# Public IPFS Utilities

The IPFS Foundation (and Protocol Labs in the past) and several other organizations provide hosted public utilities to the community on a best-effort basis. As such, it is not intended to be part of your critical path or production infrastructure.

These include IPFS Gateways, hosted Delegated Routing V1 endpoints, and the Amino DHT Bootstrappers.

These utilities make it easier to retrieve data from the IPFS network in resource-constrained environments such as browsers and low-powered devices.

# Public IPFS Gateways

The IPFS Foundation provides the following public gateways:

These gateways block abusive content using the Bad Bits Denylist (opens new window).

To report abusive content and content breaches of the IPFS Community Code of Conduct (opens new window), please send an email with the CIDs to abuse@ipfs.io.

Technical operations are run by the Waterworks Community on behalf of the IPFS Foundation. To report any technical problems with these gateways, you can open an issue in the Waterworks Community repository (opens new window).

# Abuse Policy

When a takedown request for the ipfs.io and/or dweb.link gateway(s) is first received at abuse@ipfs.io, the sender will receive an automated system receipt. Next, someone from the takedown team will vet the request to validate that it is legitimate and should be accepted. Once the validity of the request has been established, it will be submitted for further processing.

From there, an internal system extracts the relevant information from the request and generates an entry for it in our takedown lists. The list is then published to our gateway nodes, and the content in question will return a 410 status when visited.

Your browser may have a local cache of the content in question and might not reflect that something has been blocked on the gateways. To avoid browser caching, attempt to view the content using your browser's incognito or private mode. You can also prevent caching issues by using a command-line tool such as Curl or Wget.

# Other Public Gateways

Additionally, there's a community-maintained tool for finding and testing public gateways (opens new window) such as the one operated by Cloudflare: https://cf-ipfs.com.

# Delegated Routing

While IPFS Gateways are immensely helpful in doing all the heavy lifting of finding providers for CIDs and retrieving them, they can be a choke point for retrieval and a point of centralization.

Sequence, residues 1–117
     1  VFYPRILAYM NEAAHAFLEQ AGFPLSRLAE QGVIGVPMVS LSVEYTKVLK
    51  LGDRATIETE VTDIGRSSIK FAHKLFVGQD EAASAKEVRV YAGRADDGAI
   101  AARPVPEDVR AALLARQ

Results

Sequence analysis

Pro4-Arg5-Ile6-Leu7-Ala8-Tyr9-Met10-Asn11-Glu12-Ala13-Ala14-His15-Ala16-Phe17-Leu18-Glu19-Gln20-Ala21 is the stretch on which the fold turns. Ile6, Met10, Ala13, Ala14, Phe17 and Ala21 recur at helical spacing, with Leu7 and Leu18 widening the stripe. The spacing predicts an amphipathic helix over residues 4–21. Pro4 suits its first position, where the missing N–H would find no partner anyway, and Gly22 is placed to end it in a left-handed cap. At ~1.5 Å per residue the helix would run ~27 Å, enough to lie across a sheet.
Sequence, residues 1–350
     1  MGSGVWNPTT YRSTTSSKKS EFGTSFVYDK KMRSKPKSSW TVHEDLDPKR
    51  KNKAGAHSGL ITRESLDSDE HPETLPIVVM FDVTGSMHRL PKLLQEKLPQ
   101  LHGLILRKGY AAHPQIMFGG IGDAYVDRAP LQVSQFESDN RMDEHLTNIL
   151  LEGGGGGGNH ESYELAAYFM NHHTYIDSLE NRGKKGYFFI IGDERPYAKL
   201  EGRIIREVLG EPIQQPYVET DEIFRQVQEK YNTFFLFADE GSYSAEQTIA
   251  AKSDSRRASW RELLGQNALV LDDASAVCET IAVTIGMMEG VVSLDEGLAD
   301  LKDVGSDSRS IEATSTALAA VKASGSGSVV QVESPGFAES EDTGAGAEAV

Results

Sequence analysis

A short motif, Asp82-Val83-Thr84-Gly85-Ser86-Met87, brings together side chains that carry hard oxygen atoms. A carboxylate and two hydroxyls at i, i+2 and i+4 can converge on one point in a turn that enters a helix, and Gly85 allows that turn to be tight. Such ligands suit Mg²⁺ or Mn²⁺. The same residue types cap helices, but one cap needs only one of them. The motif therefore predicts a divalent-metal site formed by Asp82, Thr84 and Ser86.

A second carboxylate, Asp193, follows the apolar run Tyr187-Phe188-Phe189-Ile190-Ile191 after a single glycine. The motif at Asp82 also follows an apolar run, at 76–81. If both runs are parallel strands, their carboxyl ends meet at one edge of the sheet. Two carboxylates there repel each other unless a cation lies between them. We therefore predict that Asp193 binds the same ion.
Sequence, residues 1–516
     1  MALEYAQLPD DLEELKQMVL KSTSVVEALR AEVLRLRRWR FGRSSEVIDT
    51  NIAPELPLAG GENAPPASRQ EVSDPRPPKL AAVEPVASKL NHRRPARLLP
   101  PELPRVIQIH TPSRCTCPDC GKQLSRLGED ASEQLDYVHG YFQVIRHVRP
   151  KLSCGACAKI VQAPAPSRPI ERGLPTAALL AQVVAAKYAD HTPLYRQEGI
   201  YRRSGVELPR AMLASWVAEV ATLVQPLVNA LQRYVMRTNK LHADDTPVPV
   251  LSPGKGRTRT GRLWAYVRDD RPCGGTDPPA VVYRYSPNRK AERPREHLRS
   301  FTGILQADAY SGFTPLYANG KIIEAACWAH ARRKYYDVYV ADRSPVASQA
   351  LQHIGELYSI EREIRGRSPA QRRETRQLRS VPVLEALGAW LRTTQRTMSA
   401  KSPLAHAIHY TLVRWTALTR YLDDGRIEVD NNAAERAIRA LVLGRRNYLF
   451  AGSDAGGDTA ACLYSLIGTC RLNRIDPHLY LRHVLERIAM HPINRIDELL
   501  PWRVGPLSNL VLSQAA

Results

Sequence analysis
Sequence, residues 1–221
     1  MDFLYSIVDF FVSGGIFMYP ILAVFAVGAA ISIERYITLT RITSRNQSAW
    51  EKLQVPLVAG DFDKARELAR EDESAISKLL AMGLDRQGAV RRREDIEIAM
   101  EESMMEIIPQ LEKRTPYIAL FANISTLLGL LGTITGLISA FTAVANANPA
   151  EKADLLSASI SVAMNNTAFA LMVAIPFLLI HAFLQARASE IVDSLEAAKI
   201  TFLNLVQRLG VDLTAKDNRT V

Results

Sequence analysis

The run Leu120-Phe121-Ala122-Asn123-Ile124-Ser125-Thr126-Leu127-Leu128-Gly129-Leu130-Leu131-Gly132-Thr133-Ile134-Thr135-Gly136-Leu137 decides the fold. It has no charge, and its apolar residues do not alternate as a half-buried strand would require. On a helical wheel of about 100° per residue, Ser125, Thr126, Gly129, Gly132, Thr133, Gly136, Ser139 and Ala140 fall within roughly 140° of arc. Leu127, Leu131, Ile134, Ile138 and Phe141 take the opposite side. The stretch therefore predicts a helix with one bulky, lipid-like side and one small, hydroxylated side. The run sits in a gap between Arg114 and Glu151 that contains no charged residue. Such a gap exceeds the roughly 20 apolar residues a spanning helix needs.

Delegated Routing endpoints are a key step towards eliminating the emergent centralization of public gateways thereby increasing the health of the network.

Browsers and low-powered devices can make a single HTTP call to a Delegated Routing endpoint with the CID they are looking to retrieve. The endpoint returns the multiaddresses of the providers for the CID, from which the browser can download directly.

# Delegated Routing Endpoint

The IPFS Foundation provides a public delegated routing endpoint backed by someguy (opens new window) with the URL https://delegated-ipfs.dev/routing/v1

Under the hood, someguy handles requests by looking up the DHT and Network Indexer.

This endpoint can also be useful for debugging discoverability of CIDs, for example: https://delegated-ipfs.dev/routing/v1/providers/bafybeicklkqcnlvtiscr2hzkubjwnwjinvskffn4xorqeduft3wq7vm5u4 (opens new window) will show the providers for the CID bafybeicklkqcnlvtiscr2hzkubjwnwjinvskffn4xorqeduft3wq7vm5u4.

# Amino DHT Bootstrappers

For an IPFS node to join the Amino DHT, it needs to discover other peers. Bootstrap nodes assist with this process.

The IPFS Foundation provides several public bootstrap nodes that are published as a TXT record to DNS at _dnsaddr.bootstrap.libp2p.io:

  • /dnsaddr/sg1.bootstrap.libp2p.io/p2p/QmcZf59bWwK5XFi76CZX8cbJ4BhTzzA3gU1ZjYZcYW3dwt
  • /dnsaddr/sv15.bootstrap.libp2p.io/p2p/QmNnooDu7bfjPFoTZYxMNLWUQJyrVwtbZg5gBMjTezGAJN